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Mayor Mitch Landrieu and other city officials said NOPD policies, which the Justice Department itself helped craft, already comply with federal law and that, "the NOPD will not be the federal government's deportation force".

A federal judge in Chicago on Friday denied a request by the U.S. Department of Justice to lift a national freeze on a Trump administration policy that would withhold public safety grants to so-called sanctuary cities that don't agree to tougher enforcement of U.S. immigration law.

"We will build relationships between the NOPD and all community members", Landrieu wrote. "This is not their money, this is taxpayers' money", said Kenney. "The NOPD will continue to focus on the arrest and conviction of violent criminals, regardless of their immigration status".

According to the Chicago Tribune, the letters contend that the city "violated federal immigration laws a year ago when they were awarded public safety grants".

DOJ says this appears to violate the federal law's provision that local governments may not restrict the sharing of information with federal authorities about immigration or citizenship status.

The NOPD revised its policy past year to clarify that officers aren't barred from communicating with immigration officials and to require them to follow federal law. "Pursuant to standard training procedures, all officers and employees were notified about the policy in September 2016".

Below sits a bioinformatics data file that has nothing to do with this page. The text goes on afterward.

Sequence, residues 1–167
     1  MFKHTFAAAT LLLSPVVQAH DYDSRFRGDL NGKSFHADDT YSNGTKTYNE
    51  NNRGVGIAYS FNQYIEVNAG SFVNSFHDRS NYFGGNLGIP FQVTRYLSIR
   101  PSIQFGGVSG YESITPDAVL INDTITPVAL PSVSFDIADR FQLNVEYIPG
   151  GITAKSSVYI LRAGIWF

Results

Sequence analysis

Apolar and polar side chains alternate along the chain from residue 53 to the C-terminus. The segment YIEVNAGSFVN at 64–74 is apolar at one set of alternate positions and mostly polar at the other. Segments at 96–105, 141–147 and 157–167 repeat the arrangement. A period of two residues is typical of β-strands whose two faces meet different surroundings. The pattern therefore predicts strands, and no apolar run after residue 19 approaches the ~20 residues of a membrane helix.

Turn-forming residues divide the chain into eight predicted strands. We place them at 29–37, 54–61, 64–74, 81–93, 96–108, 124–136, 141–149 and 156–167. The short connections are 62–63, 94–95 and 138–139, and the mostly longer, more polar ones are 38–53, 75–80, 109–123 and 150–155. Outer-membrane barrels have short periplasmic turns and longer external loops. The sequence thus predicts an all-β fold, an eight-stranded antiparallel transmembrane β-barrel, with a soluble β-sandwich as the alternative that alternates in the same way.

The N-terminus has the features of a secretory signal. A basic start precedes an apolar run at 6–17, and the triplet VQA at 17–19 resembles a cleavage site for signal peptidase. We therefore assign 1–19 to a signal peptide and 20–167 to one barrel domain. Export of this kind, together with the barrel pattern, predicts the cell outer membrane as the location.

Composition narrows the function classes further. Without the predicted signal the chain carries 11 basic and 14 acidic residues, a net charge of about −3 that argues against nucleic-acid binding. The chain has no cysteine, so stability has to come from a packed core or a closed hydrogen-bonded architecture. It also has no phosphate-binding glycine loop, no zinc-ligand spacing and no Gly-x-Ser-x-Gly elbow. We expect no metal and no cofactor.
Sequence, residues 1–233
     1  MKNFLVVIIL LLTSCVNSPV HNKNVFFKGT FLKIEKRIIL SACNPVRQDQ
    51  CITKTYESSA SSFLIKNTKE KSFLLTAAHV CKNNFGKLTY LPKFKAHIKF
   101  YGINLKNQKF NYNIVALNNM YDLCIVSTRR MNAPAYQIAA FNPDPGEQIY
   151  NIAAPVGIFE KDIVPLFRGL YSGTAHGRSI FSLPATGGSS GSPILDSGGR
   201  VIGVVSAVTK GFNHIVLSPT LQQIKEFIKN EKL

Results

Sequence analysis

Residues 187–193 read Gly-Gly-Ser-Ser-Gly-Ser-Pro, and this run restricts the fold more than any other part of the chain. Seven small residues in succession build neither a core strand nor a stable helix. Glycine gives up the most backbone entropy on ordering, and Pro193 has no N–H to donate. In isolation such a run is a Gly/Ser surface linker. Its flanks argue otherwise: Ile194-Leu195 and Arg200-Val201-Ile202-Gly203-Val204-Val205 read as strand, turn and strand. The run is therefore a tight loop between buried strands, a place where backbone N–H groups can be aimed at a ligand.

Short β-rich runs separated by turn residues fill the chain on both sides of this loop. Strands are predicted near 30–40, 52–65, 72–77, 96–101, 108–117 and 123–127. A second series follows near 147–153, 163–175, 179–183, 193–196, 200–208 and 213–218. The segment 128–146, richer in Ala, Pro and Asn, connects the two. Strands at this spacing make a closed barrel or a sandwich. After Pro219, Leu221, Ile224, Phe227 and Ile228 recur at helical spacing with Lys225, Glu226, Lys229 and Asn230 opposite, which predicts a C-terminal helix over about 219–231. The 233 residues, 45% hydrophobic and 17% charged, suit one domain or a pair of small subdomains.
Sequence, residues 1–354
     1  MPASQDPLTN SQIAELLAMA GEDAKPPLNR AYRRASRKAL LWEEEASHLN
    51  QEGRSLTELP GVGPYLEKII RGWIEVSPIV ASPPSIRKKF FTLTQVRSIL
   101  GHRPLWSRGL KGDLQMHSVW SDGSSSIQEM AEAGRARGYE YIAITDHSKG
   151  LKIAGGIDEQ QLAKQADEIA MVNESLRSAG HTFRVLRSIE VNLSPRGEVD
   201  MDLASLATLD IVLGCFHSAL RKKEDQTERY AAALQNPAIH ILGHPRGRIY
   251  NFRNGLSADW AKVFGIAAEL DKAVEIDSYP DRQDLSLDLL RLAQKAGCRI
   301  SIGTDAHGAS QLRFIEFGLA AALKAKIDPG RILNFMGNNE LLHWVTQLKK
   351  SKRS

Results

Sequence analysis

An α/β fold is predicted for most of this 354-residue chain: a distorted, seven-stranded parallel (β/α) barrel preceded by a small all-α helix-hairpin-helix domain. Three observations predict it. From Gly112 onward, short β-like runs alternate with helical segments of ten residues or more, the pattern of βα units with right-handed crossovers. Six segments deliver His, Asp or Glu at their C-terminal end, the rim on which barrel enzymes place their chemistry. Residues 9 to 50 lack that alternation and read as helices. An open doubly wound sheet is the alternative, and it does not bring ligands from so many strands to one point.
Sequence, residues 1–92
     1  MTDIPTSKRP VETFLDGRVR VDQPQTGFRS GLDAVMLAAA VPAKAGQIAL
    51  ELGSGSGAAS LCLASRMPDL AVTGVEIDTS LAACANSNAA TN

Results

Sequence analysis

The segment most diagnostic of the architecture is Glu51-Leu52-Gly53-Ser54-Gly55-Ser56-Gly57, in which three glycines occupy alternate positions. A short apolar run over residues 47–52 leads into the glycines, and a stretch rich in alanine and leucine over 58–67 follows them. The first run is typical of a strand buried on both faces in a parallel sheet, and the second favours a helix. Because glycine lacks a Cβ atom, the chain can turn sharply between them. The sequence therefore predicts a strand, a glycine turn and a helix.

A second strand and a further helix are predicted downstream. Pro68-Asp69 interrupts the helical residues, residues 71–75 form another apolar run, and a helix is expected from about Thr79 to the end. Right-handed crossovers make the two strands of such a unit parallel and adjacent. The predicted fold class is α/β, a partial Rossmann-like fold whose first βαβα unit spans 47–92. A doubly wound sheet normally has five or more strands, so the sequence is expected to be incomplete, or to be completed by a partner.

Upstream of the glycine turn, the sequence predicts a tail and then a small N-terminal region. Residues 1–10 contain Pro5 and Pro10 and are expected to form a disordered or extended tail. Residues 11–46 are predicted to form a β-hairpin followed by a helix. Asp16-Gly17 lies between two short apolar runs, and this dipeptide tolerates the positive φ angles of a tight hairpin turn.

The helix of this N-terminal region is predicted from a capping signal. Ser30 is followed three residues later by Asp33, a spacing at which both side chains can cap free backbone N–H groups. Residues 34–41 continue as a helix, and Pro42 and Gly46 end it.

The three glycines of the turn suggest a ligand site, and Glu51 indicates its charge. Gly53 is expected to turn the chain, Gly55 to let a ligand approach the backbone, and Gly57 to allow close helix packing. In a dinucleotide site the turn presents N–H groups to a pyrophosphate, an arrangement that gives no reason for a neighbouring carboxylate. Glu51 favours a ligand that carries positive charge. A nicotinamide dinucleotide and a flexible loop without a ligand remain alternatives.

"Instead of fear-mongering and false accusations, we urge you to work with mayors across the nation to tackle violent crime through smart, evidence-based policing", Landrieu said. It's the latest in an ongoing back-and-forth between President Donald Trump's administration and municipalities pegged as so-called "sanctuary cities" allegedly harboring people living in the country illegally.

There's other Justice Department grant programs that bring in millions more.

The Justice Department made the assertion in letters to Chicago police Superintendent Eddie Johnson and Cook County Board President Toni Preckwinkle.

The Justice Department, however, apparently has dismissed the city's earlier responses. When the Justice Department included New Orleans on a preliminary list of alleged "sanctuary cities" in April, the city's leaders accused federal leaders of not "doing their homework".

The feds also take issue with a city executive order saying cops shouldn't inquire about New Yorkers' immigration status. Eddie Johnson and Cook County Board President Toni Preckwinkle, dated October 11, comes as Attorney General Jeff Sessions is appealing a September order by a federal judge - in a case filed by the city of Chicago - blocking the Trump administration's efforts to keep fiscal year 2017 grant money from sanctuary cities. Several agencies and local governments in California had sued over the order.


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